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Delivering eating consistency in a price-sensitive market segment

by Jon Condon, 03 November 2011

Hokubee staffmember Kazu Tokumoto with a striploin which has undergone the Meltique process in the company's Wauchope plantMeltique Beef aims to solve the challenge of delivering better eating performance in a price-sensitive beef market segment. 

The company (see today’s other story “Ten year milestone for value adding business”) uses a process known as ‘larding’ to enhance the eating quality and consistency of lower grade raw material.

Larding refers to the process of introducing fat to a piece of lean meat to increase its tenderness and moisture. The process had its traditional origins in France, where strips of pork fat, known as ‘lardons’ were inserted into a meat cut with a hollow larding needle.

Hokubee’s modern interpretation of the process relies on patented technology using an array of hollow needles to inject a fat-based emulsion into the whole primal muscle. As can be seen in the images at the bottom of this page, this leaves a marbling-like cobweb effect in the frozen material when sliced.

The enhancement process works in two ways:

  • the liquid emulsion, based on high quality food-grade beef fat, adds moisture, flavour and tenderness to the original primal. For Halal markets, a canola oil-based emulsion is used in place of animal fat.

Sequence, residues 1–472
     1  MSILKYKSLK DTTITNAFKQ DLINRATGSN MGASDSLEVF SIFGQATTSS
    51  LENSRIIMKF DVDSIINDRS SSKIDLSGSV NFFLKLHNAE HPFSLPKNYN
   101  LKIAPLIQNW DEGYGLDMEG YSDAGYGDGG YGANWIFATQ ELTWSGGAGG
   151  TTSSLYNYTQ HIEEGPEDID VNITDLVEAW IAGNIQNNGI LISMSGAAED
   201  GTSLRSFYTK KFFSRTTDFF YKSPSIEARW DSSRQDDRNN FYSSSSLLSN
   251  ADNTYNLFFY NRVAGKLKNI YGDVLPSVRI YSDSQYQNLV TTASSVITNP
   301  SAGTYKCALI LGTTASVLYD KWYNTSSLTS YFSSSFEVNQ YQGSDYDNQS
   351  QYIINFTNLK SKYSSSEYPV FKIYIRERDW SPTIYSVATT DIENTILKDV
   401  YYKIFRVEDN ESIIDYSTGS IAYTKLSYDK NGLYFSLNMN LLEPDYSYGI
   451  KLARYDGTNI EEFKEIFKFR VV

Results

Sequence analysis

• the penetration of the muscle with the injection needles also provides a mechanical tenderising effect, breaking down muscle fibres in a manner similar to pinning systems widely used across the beef industry.

So how successful is the process in achieving its aim?

Not only does the beef carry a superior flavour and juiciness, but the overall impression of tenderness is much more like a piece of more expensive grainfed beef than product from an older grassfed A-cipher animal.

“Our aim is to deliver a product which performs more like US Choice Grade, but at a considerably more attractive price,” Hokubee’s Tom Miyamoto said.

He said potential customers often remained unconvinced about the product until they sampled it.             

One of the understandable initial reactions to Meltique Beef when people first see it in its raw state is that it may be trying to ‘deceive’ customers by attempting to mimic the appearance of marbled grainfed beef.

“That is certainly not the product’s intention,” Mr Miyamoto said.

“The Meltique technology is solely about delivering a better eating experience from a lesser quality piece of meat, at a competitive price. The marbled appearance is not there to try to trick anybody, it’s just that that is part of the process used to deliver the eating performance.”

“This product is targeting a different market segment altogether than conventional grainfed beef,” he said.            
 

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